I noticed something this weekend. Even though we are on the road mostly not taken to early retirement, we do not want for anything. At the beginning of the month we sit down to make a map for our money. I use the term, map, because it’s a loosey-goosey budget. We certainly don’t take the Dave Ramsey approach of every dollar, on paper, on purpose-although we think it’s great for the people who can make it work. It’s way too restrictive for us and, inevitably, we can never foresee every little expense that will come our way in any given month (think: a doctor’s visit and medication, ugh). Instead, we choose certain items and events that we want to purchase or attend at the beginning of each month. After allocating cash for our fixed bills and investments, we devote a certain amount of money to be used for entertainment. After that, we analyze Each. And. Every. Purchase. Any leftover Benjamins get shuffled into our taxable investment account in preparation for our next buy-and-hold real estate purchase. Yes! I swear this gets me more excited than buying a new pair of shoes!
In the past, Mr. MMM and I bought into the consumerist ways of our peers, and most of America. We thought we needed a big house, a fast car, and the best threads lining our closets. After all, isn’t that how we valuate ourselves? We compare ourselves to our peers to gauge where we fall on the socioeconomic success scale. If you haven’t noticed, that’s why we ask each other, “What do you do?”
Bucking the CONSUME-CONSUME-CONSUME-MACHINE is not very popular. We’re seen as outcasts among our peers that are still in the rat race. When we tell other people our plans, we’re met with smirks, negative remarks, and disbelief. Oftentimes, followed by exclamations of how the other person could never even consider retiring decades before the SYSTEM tells them to. Why? Because they haven’t resolved to be different and stop consuming. Resisting peer pressure and bucking the system is the key to breaking free. Thinking for ourselves and actively deciding what was best for us, despite what others are doing or thinking, was the key to our financial freedom aspirations.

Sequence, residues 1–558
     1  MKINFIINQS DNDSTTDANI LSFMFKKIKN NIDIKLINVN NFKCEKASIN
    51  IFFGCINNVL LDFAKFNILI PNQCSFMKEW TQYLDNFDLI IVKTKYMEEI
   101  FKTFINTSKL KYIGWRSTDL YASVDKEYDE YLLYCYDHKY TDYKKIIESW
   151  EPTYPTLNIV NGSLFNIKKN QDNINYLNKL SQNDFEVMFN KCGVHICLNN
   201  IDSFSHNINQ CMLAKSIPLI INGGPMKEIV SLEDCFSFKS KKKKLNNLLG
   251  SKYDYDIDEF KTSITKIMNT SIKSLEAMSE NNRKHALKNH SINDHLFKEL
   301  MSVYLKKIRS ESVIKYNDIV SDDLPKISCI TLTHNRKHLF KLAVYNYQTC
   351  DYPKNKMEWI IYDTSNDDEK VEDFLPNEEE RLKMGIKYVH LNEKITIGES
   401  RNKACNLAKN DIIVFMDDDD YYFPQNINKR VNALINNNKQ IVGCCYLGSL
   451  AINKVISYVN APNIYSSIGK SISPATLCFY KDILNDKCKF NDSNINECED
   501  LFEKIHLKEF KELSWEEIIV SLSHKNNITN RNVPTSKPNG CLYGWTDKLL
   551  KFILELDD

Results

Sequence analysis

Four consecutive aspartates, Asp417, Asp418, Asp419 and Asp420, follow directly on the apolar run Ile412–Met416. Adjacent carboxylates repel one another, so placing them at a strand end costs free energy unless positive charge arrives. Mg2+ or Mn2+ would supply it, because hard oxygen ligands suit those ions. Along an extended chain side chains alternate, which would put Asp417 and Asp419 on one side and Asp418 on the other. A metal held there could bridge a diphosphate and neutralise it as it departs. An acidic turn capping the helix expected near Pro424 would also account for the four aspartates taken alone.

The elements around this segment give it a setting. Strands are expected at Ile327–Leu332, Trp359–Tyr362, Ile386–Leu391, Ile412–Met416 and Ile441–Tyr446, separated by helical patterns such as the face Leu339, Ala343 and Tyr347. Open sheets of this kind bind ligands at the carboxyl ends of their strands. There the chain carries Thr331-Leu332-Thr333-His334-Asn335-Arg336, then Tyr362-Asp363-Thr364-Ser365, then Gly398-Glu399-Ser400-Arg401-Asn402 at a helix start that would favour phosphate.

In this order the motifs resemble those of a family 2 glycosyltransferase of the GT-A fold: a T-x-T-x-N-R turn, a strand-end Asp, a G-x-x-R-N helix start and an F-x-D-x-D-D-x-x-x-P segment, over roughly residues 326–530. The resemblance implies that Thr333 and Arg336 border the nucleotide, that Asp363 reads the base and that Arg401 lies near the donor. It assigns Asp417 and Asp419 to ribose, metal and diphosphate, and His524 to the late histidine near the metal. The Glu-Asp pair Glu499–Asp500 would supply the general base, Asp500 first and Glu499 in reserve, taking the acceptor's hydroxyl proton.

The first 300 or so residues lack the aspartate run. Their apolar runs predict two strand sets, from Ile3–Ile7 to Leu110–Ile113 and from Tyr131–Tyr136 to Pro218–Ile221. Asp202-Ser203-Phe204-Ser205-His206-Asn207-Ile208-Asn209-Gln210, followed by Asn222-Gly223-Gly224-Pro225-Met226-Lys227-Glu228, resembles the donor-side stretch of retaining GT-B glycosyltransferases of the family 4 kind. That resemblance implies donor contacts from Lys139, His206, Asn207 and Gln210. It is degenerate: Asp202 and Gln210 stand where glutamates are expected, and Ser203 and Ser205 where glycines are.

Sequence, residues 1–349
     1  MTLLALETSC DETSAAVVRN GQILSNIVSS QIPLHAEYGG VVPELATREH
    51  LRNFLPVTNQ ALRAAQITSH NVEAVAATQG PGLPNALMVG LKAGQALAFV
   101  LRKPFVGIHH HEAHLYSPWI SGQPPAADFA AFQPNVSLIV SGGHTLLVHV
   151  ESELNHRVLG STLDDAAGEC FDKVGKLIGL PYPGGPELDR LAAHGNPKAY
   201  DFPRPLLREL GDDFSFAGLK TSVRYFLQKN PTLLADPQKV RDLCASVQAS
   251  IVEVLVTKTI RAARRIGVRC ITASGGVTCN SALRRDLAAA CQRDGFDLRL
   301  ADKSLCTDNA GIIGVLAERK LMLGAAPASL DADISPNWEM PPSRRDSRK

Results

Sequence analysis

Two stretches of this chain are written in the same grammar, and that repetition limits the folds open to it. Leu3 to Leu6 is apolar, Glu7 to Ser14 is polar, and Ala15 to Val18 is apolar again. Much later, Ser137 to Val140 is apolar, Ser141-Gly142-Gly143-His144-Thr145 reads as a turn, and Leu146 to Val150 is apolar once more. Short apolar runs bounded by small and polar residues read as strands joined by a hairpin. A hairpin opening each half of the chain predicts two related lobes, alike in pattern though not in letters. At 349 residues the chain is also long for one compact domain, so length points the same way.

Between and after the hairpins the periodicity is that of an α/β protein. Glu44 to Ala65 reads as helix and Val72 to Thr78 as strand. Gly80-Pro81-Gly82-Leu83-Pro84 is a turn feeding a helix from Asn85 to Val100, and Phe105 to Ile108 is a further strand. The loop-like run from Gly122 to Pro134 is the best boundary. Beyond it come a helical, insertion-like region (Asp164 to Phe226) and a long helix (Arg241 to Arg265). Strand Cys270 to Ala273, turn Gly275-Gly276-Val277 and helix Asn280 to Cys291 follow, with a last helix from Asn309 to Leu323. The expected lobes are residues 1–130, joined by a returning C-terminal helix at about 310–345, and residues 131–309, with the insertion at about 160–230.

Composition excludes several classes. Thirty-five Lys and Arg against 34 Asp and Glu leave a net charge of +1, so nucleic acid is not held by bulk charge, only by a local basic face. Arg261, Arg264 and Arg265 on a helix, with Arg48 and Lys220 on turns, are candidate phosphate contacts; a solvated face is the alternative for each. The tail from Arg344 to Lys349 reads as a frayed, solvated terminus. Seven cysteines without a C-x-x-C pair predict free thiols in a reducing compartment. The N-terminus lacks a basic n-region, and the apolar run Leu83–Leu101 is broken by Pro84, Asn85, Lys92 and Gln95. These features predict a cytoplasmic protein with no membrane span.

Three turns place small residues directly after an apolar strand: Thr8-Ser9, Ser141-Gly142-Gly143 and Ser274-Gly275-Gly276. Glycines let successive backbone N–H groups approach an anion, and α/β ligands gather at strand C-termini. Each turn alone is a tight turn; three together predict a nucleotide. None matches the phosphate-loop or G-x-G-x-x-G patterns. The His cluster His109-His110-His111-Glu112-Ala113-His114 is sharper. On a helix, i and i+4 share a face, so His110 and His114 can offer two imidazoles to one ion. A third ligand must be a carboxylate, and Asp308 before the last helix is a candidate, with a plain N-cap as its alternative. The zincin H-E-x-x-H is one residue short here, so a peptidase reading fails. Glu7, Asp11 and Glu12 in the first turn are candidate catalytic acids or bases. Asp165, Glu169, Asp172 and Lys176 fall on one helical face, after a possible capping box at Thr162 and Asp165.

Lean Times & Lavish Luxury
Every day is a lean day for us, at least in comparison to most people. Interestingly, we live every day in lavish luxury. Read that again. That’s right. We live a life of lavish luxury even though we watch every purchase. Each passing day gets us closer to our FIRE goal. Knowing that each day we don’t blow money foolishly gets us closer to financial freedom and peace of mind is what has us living in luxury. Freedom is attained through baby steps.
We also don’t deprive ourselves as much as you might think. For Valentine’s Day, Mr. MMM aren’t planning on staring at each other over a bowl of Cheerios. Although have vowed to not give each other gifts, we are still going to celebrate-give us a small break, we did just get married :) In honor of the nonsensical holiday, we earmarked some cash to hit a local, eclectic venue featuring bacon & beer and chocolate & wine for Valentine’s Weekend. Yum. Yum. Yum. No tickets or reservations required. Yes, we’re spending money (we also saw Star Wars in December), but the money we’re spending is part of our monthly plan, not money that should be devoted to debt repayment, retirement funds or other investments. We have everything else covered. We have a solid plan and resist spending on a whim. Always.
In our minds, we have a lavish, luxurious life. It’s a great feeling.
How do you handle entertainment and special occasions? Also, if you’re on FIRE, do you feel deprived or relief?
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